Ariodante

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Ariodante (HWV 33) is an opera seria in three acts by Handel. The anonymous Italian libretto was based on a work by Antonio Salvi, which in turn was adapted from Canti 5 and 6 of Ludovico Ariosto's Orlando Furioso. Each act contains opportunities for dance, originally composed for dancer Marie Sallé and her company.

The opera was first performed in the Covent Garden Theatre, London, on 8 January 1735. Ariodante opened Handel's first season at Covent Garden and successfully competed against the rival Opera of the Nobility, supported by the Prince of Wales. Handel had the tacit and financial support of the King and Queen and, more vocally, of the Princess Royal. The opera received 11 performances during its premiere season at Covent Garden.[1]

Like Handel's other works in the opera seria genre, Ariodante, despite its initial success, fell into oblivion for more than two hundred years. An edition of the score was published in the early 1960s, from the Hallische Händel-Ausgabe.[2] In the 1970s, the work began to be revived, and has come to be considered one of Handel's finest operas. On March 29, 1971 the Handel Society of New York performed the American premiere of the work in a concert version with mezzo-soprano Sophia Steffan in the title role and Judith Raskin as Ginevra.[3]

Charles Cudworth has discussed the influence of French dance music in the opera.[4] Winton Dean has noted that act 2 of the opera, in its original version, is the only act in a Handel opera which ends with accompanied recitative.[5]

Roles[edit]

Title page
Role Voice type Premiere cast, 8 January 1735
(Conductor: – )
Ariodante, a vassal prince mezzo-soprano castrato Giovanni Carestini
Ginevra, daughter of the King of Scotland,
betrothed to Ariodante
soprano Anna Maria Strada del Pò
Dalinda, attendant on Ginevra,
secretly in love with Polinesso
soprano Cecilia Young
Polinesso, Duke of Albany contralto Maria Caterina Negri
Lurcanio, Ariodante's brother tenor John Beard
King of Scotland bass Gustavus Waltz
Odoardo, favorite of the king tenor Michael Stoppelaer

Synopsis[edit]

Ginevra, daughter of the King of Scotland, is betrothed to Ariodante. Polinesso, a jealous rival of Ariodante, wins the confidence of Ginevra's friend Dalinda. With Dalinda's unwitting help, Polinesso tricks Ariodante into thinking that Ginevra is his (Polinesso's) lover.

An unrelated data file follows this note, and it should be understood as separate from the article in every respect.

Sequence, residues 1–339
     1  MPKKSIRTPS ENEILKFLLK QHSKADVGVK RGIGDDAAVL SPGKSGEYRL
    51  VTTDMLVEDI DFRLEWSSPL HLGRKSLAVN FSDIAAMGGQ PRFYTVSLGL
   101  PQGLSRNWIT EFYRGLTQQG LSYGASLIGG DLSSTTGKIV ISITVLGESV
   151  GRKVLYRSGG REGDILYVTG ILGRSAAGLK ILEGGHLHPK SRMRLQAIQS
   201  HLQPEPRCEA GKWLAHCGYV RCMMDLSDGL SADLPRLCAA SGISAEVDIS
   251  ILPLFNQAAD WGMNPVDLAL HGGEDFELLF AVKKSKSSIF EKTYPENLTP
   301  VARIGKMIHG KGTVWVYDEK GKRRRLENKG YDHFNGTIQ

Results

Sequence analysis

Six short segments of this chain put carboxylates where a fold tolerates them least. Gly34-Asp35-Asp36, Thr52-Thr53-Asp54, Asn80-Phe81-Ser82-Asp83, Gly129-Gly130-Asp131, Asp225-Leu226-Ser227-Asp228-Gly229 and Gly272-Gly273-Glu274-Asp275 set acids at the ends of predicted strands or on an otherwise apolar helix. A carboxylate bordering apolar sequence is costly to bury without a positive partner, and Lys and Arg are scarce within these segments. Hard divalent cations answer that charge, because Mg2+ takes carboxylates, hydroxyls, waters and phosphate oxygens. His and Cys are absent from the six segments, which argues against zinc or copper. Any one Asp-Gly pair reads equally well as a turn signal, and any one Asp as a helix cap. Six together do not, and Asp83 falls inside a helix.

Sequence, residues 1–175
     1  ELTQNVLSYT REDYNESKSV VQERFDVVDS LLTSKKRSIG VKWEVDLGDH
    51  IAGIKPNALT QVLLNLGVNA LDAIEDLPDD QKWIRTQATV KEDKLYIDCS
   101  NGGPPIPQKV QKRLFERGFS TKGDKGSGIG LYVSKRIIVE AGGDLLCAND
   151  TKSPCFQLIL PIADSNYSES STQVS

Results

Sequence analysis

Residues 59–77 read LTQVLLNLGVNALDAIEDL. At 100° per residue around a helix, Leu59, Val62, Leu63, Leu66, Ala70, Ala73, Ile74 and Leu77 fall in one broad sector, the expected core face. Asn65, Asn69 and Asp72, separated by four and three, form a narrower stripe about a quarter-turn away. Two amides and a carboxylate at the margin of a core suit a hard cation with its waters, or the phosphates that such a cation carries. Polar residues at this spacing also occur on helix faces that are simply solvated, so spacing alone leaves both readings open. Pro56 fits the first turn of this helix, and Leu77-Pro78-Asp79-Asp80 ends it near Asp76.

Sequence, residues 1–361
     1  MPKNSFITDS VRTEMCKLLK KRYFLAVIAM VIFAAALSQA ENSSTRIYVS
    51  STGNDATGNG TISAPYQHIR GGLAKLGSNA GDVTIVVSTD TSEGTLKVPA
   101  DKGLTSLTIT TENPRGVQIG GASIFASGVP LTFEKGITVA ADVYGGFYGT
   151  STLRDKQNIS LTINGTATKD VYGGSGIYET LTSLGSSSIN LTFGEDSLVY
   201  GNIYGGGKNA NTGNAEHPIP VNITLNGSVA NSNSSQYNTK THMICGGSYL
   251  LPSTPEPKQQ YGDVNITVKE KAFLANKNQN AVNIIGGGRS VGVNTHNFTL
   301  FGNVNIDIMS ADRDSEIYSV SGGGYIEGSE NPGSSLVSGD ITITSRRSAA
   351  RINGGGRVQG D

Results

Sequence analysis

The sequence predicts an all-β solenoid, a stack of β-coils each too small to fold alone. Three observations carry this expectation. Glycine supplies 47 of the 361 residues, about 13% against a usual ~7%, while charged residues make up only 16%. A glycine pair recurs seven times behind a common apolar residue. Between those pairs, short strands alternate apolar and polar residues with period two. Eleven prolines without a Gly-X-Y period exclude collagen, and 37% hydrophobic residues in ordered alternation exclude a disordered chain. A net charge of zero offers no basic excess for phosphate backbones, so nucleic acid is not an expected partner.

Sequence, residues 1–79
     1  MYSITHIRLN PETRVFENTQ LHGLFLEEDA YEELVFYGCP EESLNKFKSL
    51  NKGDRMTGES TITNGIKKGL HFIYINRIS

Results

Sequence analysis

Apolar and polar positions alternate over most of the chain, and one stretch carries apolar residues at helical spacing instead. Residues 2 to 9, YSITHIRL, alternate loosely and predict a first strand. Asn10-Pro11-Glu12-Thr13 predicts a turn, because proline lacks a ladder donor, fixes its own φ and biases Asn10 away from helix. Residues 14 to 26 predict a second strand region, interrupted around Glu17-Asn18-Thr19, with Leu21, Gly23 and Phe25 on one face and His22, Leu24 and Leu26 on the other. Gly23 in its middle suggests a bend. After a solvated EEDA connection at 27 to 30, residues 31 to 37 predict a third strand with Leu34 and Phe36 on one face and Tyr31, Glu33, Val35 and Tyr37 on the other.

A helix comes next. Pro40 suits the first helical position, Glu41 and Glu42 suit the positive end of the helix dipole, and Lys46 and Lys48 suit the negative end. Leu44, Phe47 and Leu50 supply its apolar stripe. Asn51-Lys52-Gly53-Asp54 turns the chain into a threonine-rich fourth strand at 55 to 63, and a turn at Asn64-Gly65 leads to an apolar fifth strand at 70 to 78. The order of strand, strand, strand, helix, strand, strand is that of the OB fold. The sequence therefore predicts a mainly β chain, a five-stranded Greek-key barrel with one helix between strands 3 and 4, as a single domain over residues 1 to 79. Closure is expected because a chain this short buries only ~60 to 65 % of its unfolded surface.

The King, hearing of Ginevra’s alleged infidelity, disowns her, while Ariodante is reported dead by suicide. Polinesso then sends his agents to kill Dalinda, as the only witness to his plot. But Ariodante (whose suicide attempt was foiled), having met Dalinda while wandering in the woods, drives off the would-be assassins.

Polinesso, seeking to win the King’s favour, now offers to defend the honour of Ginevra in a tournament. In the combat, he is mortally wounded by Ariodante’s vengeful brother Lurcanio. Ariodante, having learned about Polinesso’s plot from Dalinda, now appears and offers himself as Ginevra’s champion. The dying Polinesso confesses his guilt and Ginevra is pardoned by the King.

Recordings[edit]

References[edit]

Notes

  1. ^ a b Baxter, Robert (1985). "Ariodante". The Opera Quarterly 3 (3): 191–192. doi:10.1093/oq/3.3.191. Retrieved 29 September 2007. 
  2. ^ "J.A.W." (no full name given), "Reviews of Music: Collected Editions – Ariodante (edited by Karl-Josef Fürth) (January 1962). Music & Letters, 43 (1): pp. 83–84.
  3. ^ Donal Henahan (March 31, 1971). "Ariodante' Performed As Concert". The New York Times. 
  4. ^ Cudworth, Charles, "Handel and the French Style" (April 1959). Music & Letters, 40 (2): pp. 122–131.
  5. ^ a b Dean, Winton, "Record Reviews: Ariodante" (January 1981). The Musical Times, 122 (1655): pp. 33–34.
  6. ^ Chisholm, Duncan, Review of Recordings of Ariodante and Serse (January 1982). Early Music, 10: (1): pp. 101, 103, 105.
  7. ^ Pines, Roger (1996). "Ariodante. George Frideric Handel". The Opera Quarterly 13 (2): 141–143. Retrieved 29 September 2007. 

Sources

  • Dean, Winton (2006). Handel's Operas, 1726–1741. Boydell Press. ISBN 1-84383-268-2.  The second of the two-volume definitive reference on the operas of Handel.

External links[edit]